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MS Treatment Options Growing, Raising New Hope, Loyola Neurologist Reports

'Rapid expansion' of medications for Multiple Scerlosis

MAYWOOD, Ill.  – After decades of research, multiple sclerosis patients are seeing a “rapid expansion” of effective new treatment options, according to a review article in the journal Neurologic Clinics.

Recently approved drugs, as well as medications being tested in clinical trials, appear to be more effective than the first generation of new drugs introduced in the 1990s. But the new medications also may present complex side effect profiles, according to the article’s author, Dr. Matthew McCoyd of Loyola University Medical Center. McCoyd is a neurologist who specializes in MS.

“Today, we stand on the precipice of a changing landscape in MS therapies,” McCoyd wrote. “Several new medications have been approved by the U.S. Food and Drug Administration in the United States, and several more are awaiting a final decision or are completing Phase 3 clinical trials. The question facing physicians, patients and families is not just a question of remedies, but how to navigate the increasingly complex effective treatment options for MS.”

The first effective drug (interferon beta-1B) for the treatment of relapsing forms of MS was approved in the early 1990s.

In recent years, several other effective new drugs have been approved, including fingolimod (Gilenya), teriflunomide (Aubagio) and BG-12 (Tecfidera). Side effects include cardiac and eye problems (fingolimod); diarrhea, nausea and hair thinning (teriflunomide); and flushing, diarrhea, nausea, vomiting and respiratory tract infections (BG-12).

The criteria for diagnosing MS have been simplified and streamlined. This likely will increase the number of patients who will be diagnosed, or at least allow them to be diagnosed at a much earlier time.

Although a single cause of MS has not been identified, there is growing evidence that vitamin D deficiency plays a role. Vitamin D supplementation is a safe and potentially beneficial treatment. But there are fewer data to support other dietary supplements. Nor, contrary to some claims, is there convincing evidence that a diet rich in polyunsaturated fats, omega fatty acids and multivitamins has an impact on disease progression or relapse rate, McCoyd wrote.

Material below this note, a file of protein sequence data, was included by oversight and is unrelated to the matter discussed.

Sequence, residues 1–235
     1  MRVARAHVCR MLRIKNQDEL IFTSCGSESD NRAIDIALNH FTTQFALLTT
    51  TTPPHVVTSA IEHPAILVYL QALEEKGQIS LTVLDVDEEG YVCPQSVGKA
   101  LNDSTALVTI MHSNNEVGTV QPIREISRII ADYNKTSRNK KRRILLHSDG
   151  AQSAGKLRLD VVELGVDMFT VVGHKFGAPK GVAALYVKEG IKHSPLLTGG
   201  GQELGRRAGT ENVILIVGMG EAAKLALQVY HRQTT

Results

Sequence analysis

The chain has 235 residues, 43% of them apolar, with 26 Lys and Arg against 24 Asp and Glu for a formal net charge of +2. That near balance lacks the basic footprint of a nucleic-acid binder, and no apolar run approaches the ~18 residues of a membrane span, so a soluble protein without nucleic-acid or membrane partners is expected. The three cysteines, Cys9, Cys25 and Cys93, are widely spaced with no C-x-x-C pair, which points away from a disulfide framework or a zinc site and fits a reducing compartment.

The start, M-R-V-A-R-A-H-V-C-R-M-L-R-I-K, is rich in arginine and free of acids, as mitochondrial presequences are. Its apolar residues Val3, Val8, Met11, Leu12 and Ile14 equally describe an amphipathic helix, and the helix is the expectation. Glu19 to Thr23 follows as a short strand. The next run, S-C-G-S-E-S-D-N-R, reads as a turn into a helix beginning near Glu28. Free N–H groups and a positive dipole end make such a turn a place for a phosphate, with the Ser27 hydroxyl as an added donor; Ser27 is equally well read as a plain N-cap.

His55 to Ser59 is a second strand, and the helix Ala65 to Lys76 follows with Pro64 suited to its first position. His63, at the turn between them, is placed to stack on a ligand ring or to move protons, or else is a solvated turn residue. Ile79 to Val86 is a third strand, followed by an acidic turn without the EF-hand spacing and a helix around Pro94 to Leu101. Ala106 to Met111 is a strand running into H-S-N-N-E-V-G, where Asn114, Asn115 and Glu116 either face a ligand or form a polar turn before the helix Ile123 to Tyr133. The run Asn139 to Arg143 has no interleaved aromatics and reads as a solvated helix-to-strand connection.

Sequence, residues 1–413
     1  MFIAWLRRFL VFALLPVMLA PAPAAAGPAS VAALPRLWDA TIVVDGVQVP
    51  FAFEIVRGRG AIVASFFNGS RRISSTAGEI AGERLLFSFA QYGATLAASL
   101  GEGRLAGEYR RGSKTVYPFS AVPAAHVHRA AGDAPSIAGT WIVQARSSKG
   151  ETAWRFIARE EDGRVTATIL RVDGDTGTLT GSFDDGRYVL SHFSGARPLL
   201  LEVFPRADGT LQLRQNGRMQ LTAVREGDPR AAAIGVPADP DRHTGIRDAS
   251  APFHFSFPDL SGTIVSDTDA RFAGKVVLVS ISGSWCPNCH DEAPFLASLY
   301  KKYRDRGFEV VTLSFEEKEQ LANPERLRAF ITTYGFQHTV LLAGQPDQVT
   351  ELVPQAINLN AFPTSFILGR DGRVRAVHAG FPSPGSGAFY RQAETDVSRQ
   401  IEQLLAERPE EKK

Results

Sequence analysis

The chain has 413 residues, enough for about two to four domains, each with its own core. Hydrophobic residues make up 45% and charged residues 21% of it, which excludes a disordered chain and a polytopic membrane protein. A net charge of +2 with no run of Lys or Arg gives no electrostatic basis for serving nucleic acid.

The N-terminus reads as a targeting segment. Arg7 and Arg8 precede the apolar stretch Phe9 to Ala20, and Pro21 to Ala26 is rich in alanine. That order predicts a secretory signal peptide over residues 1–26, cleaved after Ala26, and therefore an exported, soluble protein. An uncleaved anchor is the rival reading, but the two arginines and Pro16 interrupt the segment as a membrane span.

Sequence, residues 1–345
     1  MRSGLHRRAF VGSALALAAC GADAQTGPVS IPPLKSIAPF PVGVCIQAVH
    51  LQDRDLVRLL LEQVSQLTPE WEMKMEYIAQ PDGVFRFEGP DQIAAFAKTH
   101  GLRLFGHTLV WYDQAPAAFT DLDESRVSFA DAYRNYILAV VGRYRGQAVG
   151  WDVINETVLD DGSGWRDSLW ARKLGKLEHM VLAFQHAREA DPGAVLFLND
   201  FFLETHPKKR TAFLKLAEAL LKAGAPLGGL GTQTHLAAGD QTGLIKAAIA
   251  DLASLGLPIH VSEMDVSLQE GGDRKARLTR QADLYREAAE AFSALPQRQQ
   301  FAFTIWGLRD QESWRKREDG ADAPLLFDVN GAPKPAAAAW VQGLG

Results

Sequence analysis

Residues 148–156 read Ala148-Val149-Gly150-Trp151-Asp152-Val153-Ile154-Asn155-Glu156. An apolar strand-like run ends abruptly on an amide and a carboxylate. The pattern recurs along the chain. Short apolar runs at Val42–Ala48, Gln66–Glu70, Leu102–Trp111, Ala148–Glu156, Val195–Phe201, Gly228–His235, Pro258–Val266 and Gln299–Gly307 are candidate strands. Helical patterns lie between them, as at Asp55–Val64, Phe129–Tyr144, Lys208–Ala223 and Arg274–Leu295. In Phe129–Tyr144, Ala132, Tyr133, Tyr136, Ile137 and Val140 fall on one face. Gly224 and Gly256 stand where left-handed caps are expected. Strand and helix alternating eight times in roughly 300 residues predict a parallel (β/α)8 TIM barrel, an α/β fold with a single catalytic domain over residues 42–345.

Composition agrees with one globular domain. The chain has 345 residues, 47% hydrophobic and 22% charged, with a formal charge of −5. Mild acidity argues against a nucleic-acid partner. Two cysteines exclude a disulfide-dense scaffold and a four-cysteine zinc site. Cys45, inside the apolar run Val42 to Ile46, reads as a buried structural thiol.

McCoyd concludes: “There is no simple therapeutic answer for the treatment of MS, no one-size-fits-all remedy to this notoriously heterogeneous disease. Multiple considerations must be made and understood. However, it is now at least some comfort that patients and their physicians have a rapidly expanding number of options at their disposal.”

The article is titled “Update on Therapeutic Options for Multiple Sclerosis.”

McCoyd is an assistant professor in the Department of Neurology of Loyola University Chicago Stritch School of Medicine.

Loyola University Health System (LUHS) is a member of Trinity Health. Based in the western suburbs of Chicago, LUHS is a quaternary care system with a 61-acre main medical center campus, the 36-acre Gottlieb Memorial Hospital campus and more than 30 primary and specialty care facilities in Cook, Will and DuPage counties. The medical center campus is conveniently located in Maywood, 13 miles west of the Chicago Loop and 8 miles east of Oak Brook, Ill. The heart of the medical center campus is a 559-licensed-bed hospital that houses a Level 1 Trauma Center, a Burn Center and the Ronald McDonald® Children's Hospital of Loyola University Medical Center. Also on campus are the Cardinal Bernardin Cancer Center, Loyola Outpatient Center, Center for Heart & Vascular Medicine and Loyola Oral Health Center as well as the LUC Stritch School of Medicine, the LUC Marcella Niehoff School of Nursing and the Loyola Center for Fitness. Loyola's Gottlieb campus in Melrose Park includes the 255-licensed-bed community hospital, the Professional Office Building housing 150 private practice clinics, the Adult Day Care, the Gottlieb Center for Fitness, Loyola Center for Metabolic Surgery and Bariatric Care and the Loyola Cancer Care & Research at the Marjorie G. Weinberg Cancer Center at Melrose Park.

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